We thank the reviewer for this comment but respectfully disagree with this point. Visualization of the relative “abundance” of genes with word clouds is a relatively novel concept in computational biology. However, we believe, that in this case, it has certain advantages over visualization using traditional bar plots for example. The word cloud format allows us to highlight genes relative to their importance, with the word “importance” being used here in the sense of combined metrics from DEGs, as shown in Figure 1F, or the frequency with which genes are mentioned/discussed in various literature sources, as shown in Figure 1E. For this purpose, the exact values will most likely not be important for most users/readers. Be presenting a word cloud visualization, readers can easily discern the top genes and use them in the exploration of their own data or the CovidExpress portal. However, if users want to analyze raw values, we provide in Supplementary Table S3 a full list of all genes and gene sets that can be download from our landing page (section “CovidExpress Expression Data Download”) in GMT format. Also, when we visualized the ranks of genes by using bar plots as the reviewer suggested, the results were much harder to read (as shown in the bar graph below) than simply looking at the raw data in supplementary tables.

      1. Claims of increased/decreased dataset separability should have statistical analysis on the silhouette score boxplots (Fig S4G-I).

      We thank the reviewer for the reminder. We have added statistical tests to referred silhouette score boxplots (Wilcoxon rank test)

      1. Regarding Fig 4E-F - what are the key genes that contribute to PC1, and how do they relate to the DEGs in Fig 4G?

      We thank the reviewer for this question and apologize for the confusion. In Figure 4E-F, the PCA were based on ssGSEA score, as each gene set would have a score for a sample, not individual genes. Thus, the top contributed to PC1 were gene sets upregulated or down-regulated in certain contrasts. We provided on the portal’s landing page detailed results for top gene sets (for the ssGSEA approach) and genes (for the TPM approach) that contributed to various PCs (“Clustering Results for Reviewing and Download” section). This allows users to download and further explore these data.

      1. Statistics describing the relation between OASL And TNF/PPARGC1A should be included to justify the author's statements. This could be correlation, mutual information, regression, etc.

      We thank the reviewer for this suggestion, and we have updated Figures 4J-K to show the correlation values and corresponding F-statistics. The Pearson correlation between OASL and TNF was significant (Pearson Correlation=0.75 and p-value = 6.85e-72), but the correlation between OASL and PPARGC1A had a negative slope and showed a moderately significant p-value (Pearson Correlation=-0.08 and p-value=0.12), confirming to a certain degree our statement. We have now updated the corresponding text in the manuscript.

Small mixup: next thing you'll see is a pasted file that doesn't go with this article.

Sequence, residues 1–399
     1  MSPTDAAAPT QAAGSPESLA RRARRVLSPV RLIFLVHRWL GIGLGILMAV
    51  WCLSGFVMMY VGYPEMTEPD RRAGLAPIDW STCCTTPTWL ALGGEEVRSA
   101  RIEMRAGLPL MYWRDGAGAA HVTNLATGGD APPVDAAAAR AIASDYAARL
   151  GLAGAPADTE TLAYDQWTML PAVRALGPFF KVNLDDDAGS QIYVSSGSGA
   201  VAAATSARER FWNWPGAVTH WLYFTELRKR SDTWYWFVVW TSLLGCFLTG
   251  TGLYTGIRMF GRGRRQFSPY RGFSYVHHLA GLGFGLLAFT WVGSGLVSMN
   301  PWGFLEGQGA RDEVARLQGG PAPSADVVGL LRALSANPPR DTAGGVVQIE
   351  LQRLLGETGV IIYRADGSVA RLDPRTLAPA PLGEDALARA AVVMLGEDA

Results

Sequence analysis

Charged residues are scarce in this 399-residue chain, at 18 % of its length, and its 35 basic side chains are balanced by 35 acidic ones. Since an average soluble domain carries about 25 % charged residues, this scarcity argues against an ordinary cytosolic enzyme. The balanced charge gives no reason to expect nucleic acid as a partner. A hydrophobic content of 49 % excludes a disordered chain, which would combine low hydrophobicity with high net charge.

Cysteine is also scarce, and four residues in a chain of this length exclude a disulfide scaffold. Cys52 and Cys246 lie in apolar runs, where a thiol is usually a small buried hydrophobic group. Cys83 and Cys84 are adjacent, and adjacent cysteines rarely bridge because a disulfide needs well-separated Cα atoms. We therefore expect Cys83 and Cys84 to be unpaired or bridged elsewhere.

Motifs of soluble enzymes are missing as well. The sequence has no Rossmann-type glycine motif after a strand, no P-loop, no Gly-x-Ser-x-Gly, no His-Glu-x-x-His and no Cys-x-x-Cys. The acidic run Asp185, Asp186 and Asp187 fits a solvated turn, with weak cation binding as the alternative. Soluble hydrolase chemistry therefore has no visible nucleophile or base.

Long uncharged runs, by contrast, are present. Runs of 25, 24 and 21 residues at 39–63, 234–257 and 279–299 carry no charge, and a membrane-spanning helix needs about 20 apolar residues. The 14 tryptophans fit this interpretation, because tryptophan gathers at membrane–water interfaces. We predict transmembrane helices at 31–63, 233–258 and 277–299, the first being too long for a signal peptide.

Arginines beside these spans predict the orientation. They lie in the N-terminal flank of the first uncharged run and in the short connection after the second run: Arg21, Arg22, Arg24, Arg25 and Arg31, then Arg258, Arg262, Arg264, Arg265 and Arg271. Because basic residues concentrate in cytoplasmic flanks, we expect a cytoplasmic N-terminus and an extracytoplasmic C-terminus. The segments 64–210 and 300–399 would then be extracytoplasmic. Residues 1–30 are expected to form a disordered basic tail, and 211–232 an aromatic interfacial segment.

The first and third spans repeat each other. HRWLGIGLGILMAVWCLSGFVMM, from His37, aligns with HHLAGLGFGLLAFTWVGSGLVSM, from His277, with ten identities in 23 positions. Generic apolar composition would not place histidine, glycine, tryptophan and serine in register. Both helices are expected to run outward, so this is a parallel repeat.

1. There are several studies now that have performed scRNA-seq on the lung resident and peripheral immune cells of COVID-19 patients. To more definitively tie in their analyses in Fig 4J-K/Fig S5D-E (to affirm "its important role in the innate immune response in lungs"), the authors should assess whether OASL is upregulated in the lung macrophages of COVID-19 patients vs controls.

      We thank the reviewer for this suggestion. Indeed, Liao, et al. recently reported “BALFs of patients with severe/critical COVID-19 infection contained higher proportions of macrophages and neutrophils and lower proportions of mDCs, pDCs, and T cells than those with moderate infection.” (Nature Medicine, 2020, https://doi.org/10.1038/s41591-020-0901-9). They further refined macrophage data into subclusters and reported top enriched GO terms as “response to virus” (group 1), “type I interferon signaling pathway” (group 2), “neutrophile degranulation” (group 3), and “cytoplasmic translational initiation” (group 4). When we investigated their data, we found that group1 and group2 both identified OASL as a marker gene, indicated OASL might response to virus and help type I interferon signaling. Furthermore, another data set (from Ren et al., Cell, 2021, https://dx.doi.org/10.1016%2Fj.cell.2021.01.053) showed several clusters in patients with severe COVID-19 (left panel below) that were enriched for OASL expression(right panel below).

      We have now added these observations to strengthen our hypothesis about the role of OASL.

      1. The visualization and analysis functions in the data portal appear to work reasonably well out of the box. However, the download buttons for plots did not work in my hands. I realized that a workaround is to right click -> "Save image as" (which then downloads a .svg file), but this is not ideal and should be fixed to improve usability. I had tested the data portal on both Firefox and Edge browsers, using a Windows 10 PC.

      We agree with the reviewer. Due to some technical issues with the figure javascript plugin, the download feature does not work unless the figure is saved as a file on the server side. To avoid any security issues, we tried to minimize new file generations, hence, for the moment we have disabled this feature. Users can still download high-resolution .svg figures by using the right-click -> “save image as.” This information is now included in the FAQ section on the portal’s landing page.